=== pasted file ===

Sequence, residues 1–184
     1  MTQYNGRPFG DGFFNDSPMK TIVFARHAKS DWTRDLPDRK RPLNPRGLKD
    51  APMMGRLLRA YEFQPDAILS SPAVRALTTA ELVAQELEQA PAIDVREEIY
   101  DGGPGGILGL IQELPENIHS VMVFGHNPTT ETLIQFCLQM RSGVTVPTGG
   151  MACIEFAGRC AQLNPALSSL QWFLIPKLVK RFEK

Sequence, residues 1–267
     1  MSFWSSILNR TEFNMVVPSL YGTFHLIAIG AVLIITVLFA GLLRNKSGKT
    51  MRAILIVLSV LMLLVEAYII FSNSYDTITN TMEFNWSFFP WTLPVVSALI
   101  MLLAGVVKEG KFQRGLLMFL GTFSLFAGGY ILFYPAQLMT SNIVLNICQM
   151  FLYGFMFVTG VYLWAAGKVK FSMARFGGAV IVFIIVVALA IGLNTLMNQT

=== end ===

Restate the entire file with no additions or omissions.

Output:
Sequence, residues 1–184
     1  MTQYNGRPFG DGFFNDSPMK TIVFARHAKS DWTRDLPDRK RPLNPRGLKD
    51  APMMGRLLRA YEFQPDAILS SPAVRALTTA ELVAQELEQA PAIDVREEIY
   101  DGGPGGILGL IQELPENIHS VMVFGHNPTT ETLIQFCLQM RSGVTVPTGG
   151  MACIEFAGRC AQLNPALSSL QWFLIPKLVK RFEK

Sequence, residues 1–267
     1  MSFWSSILNR TEFNMVVPSL YGTFHLIAIG AVLIITVLFA GLLRNKSGKT
    51  MRAILIVLSV LMLLVEAYII FSNSYDTITN TMEFNWSFFP WTLPVVSALI
   101  MLLAGVVKEG KFQRGLLMFL GTFSLFAGGY ILFYPAQLMT SNIVLNICQM
   151  FLYGFMFVTG VYLWAAGKVK FSMARFGGAV IVFIIVVALA IGLNTLMNQT